Agile Metrics

Joan Díaz
3 min readApr 26, 2018

If you are an addict to metrics and all this kind of stuff is such an interesting topic, isn’t it?! After reading last David J. Anderson’s and Alexei Zheglov’s book “Fit for Purpose: How Modern Businesses Find, Safety, & Keep Costumers” — which I get it at the very beginning of this year at the KMP Course (Kanban Management Professional) at the LeanKanban University — I started thinking about a couple of interesting things… To be honest, this book is more related with business but it made me link what they talk about with other ideas.

Which KPIs do you think a team should use? Well, it depends on the team, but mixing what Anderson & Zheglov says plus other sources like Daniel S. Vacanti and Jurgen Apello, we could say that metrics must taking into account: fitted for a purpose, useful to do predictions and help the team to learn and improve. If any of the metrics you are currently using or you are thinking to use, if don’t have these points then you are using vanity metrics (which only helps to calm down anxiety on particular people, that’s it).

First of all, forget having one single number because we are in front of a very complex problem and, as you might know, for every complex problem there are a simple and easy answer, which is wrong. Then you should build a set of metrics, as a beginning we could classify these metrics like: KPI, Goal or Improvement driven and Health metrics.

  • KPIs:

Few metrics, close related with purpose and also related about what upstream or business are expecting about you. As a beginning could be Lead Time or anything related with Quality — functional (what you do) or non-functional (how you do it), like % of bugs per feature or something like this. They have a threshold, because you could giving a bad service or surpassing expectations, both sides are important because you want to fit the team to a concrete purpose.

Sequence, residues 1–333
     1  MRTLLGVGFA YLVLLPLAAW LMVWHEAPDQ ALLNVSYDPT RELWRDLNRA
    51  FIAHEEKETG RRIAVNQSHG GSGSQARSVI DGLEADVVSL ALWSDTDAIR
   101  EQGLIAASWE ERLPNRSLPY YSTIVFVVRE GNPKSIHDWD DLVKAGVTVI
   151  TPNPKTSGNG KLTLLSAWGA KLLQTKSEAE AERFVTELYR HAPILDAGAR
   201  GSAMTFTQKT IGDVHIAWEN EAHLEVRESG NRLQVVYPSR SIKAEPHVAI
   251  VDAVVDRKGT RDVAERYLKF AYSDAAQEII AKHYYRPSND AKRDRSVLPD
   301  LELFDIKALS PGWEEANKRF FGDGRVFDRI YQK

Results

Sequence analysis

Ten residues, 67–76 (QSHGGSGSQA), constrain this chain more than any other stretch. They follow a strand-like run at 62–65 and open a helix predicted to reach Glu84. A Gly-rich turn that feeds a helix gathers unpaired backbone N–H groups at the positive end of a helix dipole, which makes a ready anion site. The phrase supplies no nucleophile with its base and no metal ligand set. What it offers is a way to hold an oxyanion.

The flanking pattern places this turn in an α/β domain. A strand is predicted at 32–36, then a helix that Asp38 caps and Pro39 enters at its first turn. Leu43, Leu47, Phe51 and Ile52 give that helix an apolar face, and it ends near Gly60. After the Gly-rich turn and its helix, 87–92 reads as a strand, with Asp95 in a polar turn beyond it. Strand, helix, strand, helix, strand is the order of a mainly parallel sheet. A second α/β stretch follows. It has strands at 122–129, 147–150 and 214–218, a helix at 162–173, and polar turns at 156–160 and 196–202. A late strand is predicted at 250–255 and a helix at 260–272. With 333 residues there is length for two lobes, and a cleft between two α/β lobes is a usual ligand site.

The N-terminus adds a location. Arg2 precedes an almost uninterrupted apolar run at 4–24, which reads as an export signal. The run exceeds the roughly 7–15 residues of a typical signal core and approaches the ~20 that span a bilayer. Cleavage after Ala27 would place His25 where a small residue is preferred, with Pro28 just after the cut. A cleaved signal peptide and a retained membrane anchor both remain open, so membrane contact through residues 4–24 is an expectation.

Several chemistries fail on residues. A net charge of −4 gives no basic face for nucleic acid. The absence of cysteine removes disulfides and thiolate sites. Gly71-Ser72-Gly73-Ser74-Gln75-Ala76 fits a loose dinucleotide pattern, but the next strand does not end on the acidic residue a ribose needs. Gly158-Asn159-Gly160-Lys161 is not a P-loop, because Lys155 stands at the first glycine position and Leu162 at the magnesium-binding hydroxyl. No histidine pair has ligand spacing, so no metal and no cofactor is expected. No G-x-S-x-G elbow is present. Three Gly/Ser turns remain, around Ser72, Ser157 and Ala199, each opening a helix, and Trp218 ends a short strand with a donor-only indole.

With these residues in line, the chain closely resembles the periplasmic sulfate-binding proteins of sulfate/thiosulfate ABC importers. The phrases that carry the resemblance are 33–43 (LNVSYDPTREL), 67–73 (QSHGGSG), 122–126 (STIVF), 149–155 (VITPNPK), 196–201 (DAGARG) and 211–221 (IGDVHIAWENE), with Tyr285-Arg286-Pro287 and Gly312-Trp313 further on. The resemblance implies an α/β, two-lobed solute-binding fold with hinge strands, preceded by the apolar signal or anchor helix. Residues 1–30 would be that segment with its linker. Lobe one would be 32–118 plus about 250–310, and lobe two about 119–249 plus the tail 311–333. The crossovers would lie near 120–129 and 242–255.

• Goal or Improvement driven:

Are those metrics that helps you to get the KPI inside the right threshold and obtain a clear outcome, for example: Throughput (you will try to increase throughput in order to reduce lead time) or number of new automated tests (useful to improve non-functional quality and reduce % of bugs). Once the goal are attained, then you can move it as a Health metric, I mean having a high throughput or new tests is also healthy.

  • Health metrics:

A subset of metrics that: were goal driven or also helps the team to know how healthy they are. If you improve them then you became more healthy but not better, you should use them as a global picture of the team not as a goal driven, observe how they are moving, tendencies, etc. As an example could be: testing % of code coverage, happiness ratio (with Nico-Nico calendar), number of interruptions, peer recognition (with Kudo Cards), etc.

Here is an example that I think is quite easy and I hope it will help you to understand this classification, actually is one of the examples that Anderson & Zheglo use on their book. It is about an athlete who likes running Marathons:

  • KPI: is the time he does running Marathons, at domestic competitions.
  • Goal driven: He wants to run the Marathon with 3 hours, so lets say that he have to reduce about 20 minutes his last marks. Then we can use increase pace (minutes per kilometer) to reduce overall time.
  • Health: Heart rate, number of weekly practices, average of kilometers run per week, pace (minutes per kilometer) at short runs or on slopes…

Which metrics do you use? Please share them with us! :)

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Joan Díaz

Agile, Lean, company culture, new ways of management or self-management enthusiast.